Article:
Hair removal is a multi-billion dollar industry. Now, a team of researchers at Harvard University has uncovered a piece of the puzzle of why hair keeps coming back whether you remove it with wax, thread, depilatory cream or laser. The answer, strangely, is hair-raising.

When we get goosebumps, the skin on our arms or legs gets pinched together. This action, according to the researchers, brings the sympathetic nerve cells under the skin in touch with hair follicles—long enough to activate the stem cells responsible for regenerating hair follicles and hair.

But that’s not the whole story.

New hair follicles, as they form, stimulate the formation of smooth muscle and this muscle attracts the sympathetic nerve cells to form connections with it.

Thus the cycle perpetuates itself.

The researchers, who were interested in how the stem cells of our body respond to the world around us (and not quite hair removal for aesthetic purposes), chose the stem cells of the skin for obvious reasons—since the skin is at the junction where the body meets the external world, researchers could get a closer look at how these stem cells react to external stimuli.

To get a really close look, the researchers used very high-resolution electron microscopy. “We could really see at an ultrastructure level how the nerve and the stem cell interact,” Ya-Chieh Hsu, one of the leaders of the study, told the media.

The researchers found that while goosebumps are the obvious and short-term result of exposure to the cold, prolonged exposure could signal to the body that it needs to grow more hair—in the time when humans were hunter-gatherers, body hair would have been an extra protective layer against the elements. The scientists also said that they wanted to continue looking at the effects of other environmental factors on the stem cells of the skin.

The new research, done on mice, has been published in Cell—a highly regarded peer-reviewed journal.

  1. What are epidermal stem cells?
  2. Goosebumps and how they interact with hair follicles
  3. Hair growth and temperature
  4. Takeaways

Stem cells are special cells in the body that have the ability to regenerate and regrow. In the past few decades, stem cells have been deemed an all-new horizon in the field of regenerative medicine.

They are extensively used in stem cell transplants, often done to replace cells that have been damaged considerably due to chemotherapy or introduced in the human body to help the immune system fight off many complications.

Epidermal stem cells

The epidermis or skin is constantly regenerating itself—as dead skin falls off, new cells take its place. This happens courtesy of the stem cells present in the skin—they have the capacity to differentiate into multiple skin cells. Apart from playing a central role in wound repair, epidermal stem cells are pivotal to maintain body homeostasis.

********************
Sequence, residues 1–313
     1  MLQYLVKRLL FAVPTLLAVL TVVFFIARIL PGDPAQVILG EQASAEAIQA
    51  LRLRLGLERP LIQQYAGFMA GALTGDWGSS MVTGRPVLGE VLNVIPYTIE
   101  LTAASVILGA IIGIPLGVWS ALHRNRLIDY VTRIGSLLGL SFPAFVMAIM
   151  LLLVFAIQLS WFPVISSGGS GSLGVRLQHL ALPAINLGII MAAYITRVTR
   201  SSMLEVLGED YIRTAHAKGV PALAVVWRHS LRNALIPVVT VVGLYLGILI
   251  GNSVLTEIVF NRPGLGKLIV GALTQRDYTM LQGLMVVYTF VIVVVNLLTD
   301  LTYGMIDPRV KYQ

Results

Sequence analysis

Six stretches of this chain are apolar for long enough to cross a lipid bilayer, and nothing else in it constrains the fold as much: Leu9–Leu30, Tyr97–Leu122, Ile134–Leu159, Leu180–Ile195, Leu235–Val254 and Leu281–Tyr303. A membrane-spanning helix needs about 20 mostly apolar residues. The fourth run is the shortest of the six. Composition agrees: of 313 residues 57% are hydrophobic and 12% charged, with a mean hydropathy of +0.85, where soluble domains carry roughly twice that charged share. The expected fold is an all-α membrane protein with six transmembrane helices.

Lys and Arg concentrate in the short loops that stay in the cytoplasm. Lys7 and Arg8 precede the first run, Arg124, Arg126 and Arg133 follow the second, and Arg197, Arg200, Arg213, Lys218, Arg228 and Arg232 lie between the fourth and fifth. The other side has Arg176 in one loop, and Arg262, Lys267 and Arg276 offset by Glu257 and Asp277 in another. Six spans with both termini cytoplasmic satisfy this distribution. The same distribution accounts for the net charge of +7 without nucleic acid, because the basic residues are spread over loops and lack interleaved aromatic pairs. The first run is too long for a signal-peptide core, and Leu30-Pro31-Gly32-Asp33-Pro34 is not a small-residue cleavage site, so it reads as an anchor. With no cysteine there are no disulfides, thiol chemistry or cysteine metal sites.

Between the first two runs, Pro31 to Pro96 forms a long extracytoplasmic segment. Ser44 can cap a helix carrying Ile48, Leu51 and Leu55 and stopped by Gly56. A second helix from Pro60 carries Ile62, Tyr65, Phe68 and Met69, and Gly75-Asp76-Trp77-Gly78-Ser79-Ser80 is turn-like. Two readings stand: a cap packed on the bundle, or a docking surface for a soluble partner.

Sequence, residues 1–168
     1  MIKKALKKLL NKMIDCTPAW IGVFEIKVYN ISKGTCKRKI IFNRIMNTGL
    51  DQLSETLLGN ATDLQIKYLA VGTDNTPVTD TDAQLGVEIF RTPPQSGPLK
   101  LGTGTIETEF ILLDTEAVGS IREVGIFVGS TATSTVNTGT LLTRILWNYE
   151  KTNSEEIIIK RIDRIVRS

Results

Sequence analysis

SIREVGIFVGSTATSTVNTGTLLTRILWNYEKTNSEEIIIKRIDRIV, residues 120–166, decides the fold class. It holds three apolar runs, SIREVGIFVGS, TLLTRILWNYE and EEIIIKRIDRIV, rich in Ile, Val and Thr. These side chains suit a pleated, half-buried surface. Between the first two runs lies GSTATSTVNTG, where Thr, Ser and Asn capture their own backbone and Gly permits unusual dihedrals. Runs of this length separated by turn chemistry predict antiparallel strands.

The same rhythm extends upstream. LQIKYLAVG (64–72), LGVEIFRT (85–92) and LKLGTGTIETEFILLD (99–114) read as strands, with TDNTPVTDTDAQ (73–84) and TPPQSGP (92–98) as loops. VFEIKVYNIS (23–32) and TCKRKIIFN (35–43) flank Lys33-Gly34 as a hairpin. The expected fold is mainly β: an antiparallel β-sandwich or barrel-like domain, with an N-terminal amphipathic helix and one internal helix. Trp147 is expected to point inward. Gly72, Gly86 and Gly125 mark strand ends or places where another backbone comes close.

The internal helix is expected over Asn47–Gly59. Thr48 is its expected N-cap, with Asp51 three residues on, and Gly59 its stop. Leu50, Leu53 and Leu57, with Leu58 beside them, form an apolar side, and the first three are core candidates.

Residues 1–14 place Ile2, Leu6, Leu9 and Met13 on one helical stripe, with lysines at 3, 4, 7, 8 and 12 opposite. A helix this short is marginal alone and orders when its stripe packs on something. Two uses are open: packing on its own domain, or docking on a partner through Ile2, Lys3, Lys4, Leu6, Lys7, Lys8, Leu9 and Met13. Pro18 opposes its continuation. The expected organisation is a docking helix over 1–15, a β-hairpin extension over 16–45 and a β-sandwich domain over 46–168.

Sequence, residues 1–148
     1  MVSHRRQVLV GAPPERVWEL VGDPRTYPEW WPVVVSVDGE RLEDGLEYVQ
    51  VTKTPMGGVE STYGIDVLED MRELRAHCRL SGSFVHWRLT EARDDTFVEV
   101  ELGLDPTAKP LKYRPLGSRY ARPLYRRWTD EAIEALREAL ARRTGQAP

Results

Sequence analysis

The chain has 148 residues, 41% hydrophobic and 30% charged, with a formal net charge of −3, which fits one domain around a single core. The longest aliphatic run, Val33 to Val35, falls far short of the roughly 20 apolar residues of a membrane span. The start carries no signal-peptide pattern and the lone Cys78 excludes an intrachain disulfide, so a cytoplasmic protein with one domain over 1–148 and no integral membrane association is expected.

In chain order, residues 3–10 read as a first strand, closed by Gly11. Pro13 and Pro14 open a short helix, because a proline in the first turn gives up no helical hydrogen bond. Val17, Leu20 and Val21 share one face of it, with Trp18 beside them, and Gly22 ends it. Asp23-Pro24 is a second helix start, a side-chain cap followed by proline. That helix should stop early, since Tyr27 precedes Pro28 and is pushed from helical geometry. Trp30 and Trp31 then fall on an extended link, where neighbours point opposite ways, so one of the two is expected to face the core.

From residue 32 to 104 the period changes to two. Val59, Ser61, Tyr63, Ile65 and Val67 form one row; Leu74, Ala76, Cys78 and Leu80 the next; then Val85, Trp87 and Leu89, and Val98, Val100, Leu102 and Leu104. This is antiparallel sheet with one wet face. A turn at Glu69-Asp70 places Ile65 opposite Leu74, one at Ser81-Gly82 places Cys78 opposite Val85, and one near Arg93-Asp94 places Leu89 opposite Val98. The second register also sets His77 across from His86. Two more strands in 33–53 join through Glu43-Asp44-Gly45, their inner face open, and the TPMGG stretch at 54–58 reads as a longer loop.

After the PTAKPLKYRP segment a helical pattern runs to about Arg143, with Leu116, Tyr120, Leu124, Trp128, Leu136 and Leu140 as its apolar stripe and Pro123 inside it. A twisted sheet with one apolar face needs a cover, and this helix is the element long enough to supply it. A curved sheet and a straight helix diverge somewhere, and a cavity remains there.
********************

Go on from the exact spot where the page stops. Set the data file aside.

Epidermal stem cells are active during skin renewal that takes place after an injury and throughout life. These cells are distributed in the basal layer of the epidermis—the layer where new skin cells are made and then pushed up towards the surface as dead skin cells are shed. The hair follicles are in the second layer of the skin—dermis—under the surface.

New research shows that when we get goosebumps, the skin of our arm or leg gets pinched together and this activates these stem cells.

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Whenever we’re in fear or step into a chilled room, the hair on our skin stands, giving us goosebumps. This is because of the sympathetic nervous system, which is responsible for invoking fear and fight or flight responses. When we are afraid or feeling cold, tiny muscles present on the skin contract, making body hair erect for a short period.

However, it was a brand new discovery when researchers in Harvard examining the skin under extremely high resolution found that the sympathetic nerves not only associated with the muscle but also formed a direct connection to the hair follicle stem cells by wrapping around the cells.

Another thing that the researchers confirmed was that the nerve indeed targeted the stem cells. Under prolonged exposure to the cold, the nerve was activated at a much higher level and more neurotransmitters were released, causing the stem cells to activate quickly, regenerate the hair follicle, and grow new hair.

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Hair follicles indeed react quickly in cold temperatures. Goosebumps are important for regulating the stem cells that regenerate hair.

In the skin, the muscle that contracts to create goosebumps is necessary to bridge the sympathetic nerve's connection to the hair follicles.

This is just one study on how our sympathetic nervous system responds to the world around us; the researchers at Harvard said they planned to look into this further.

Of course, the idea that goosebumps foster hair growth all over the body also needs to be studied in greater depth. That said, the Harvard researchers were able to see the nerves "wrapping" around the hair follicles when the animal models (mice in the lab) were exposed to cold temperatures: an exciting discovery to a question raised by the father of evolution Charles Darwin himself—why do we get goosebumps?


  1. Lau J. Getting to the bottom of goosebumps. The Harvard Gazette, 20 July 2020.
  2. Shwartz Y., Gonzalez-Celeiro M., Chen Chih-Lung, Yu-Hua Tseng, Sung-Jan Lin and Ya-Chieh Hsu et al. Cell types promoting goosebumps form a niche to regulate hair follicle stem cells. Cell, 16 July 2020.
  3. Senoo M. Epidermal stem cells in homeostasis and wound repair of the skin. Advances in Wound Care (New Rochelle). July 2013; 2(6): 273-282. PMID: 24527349.
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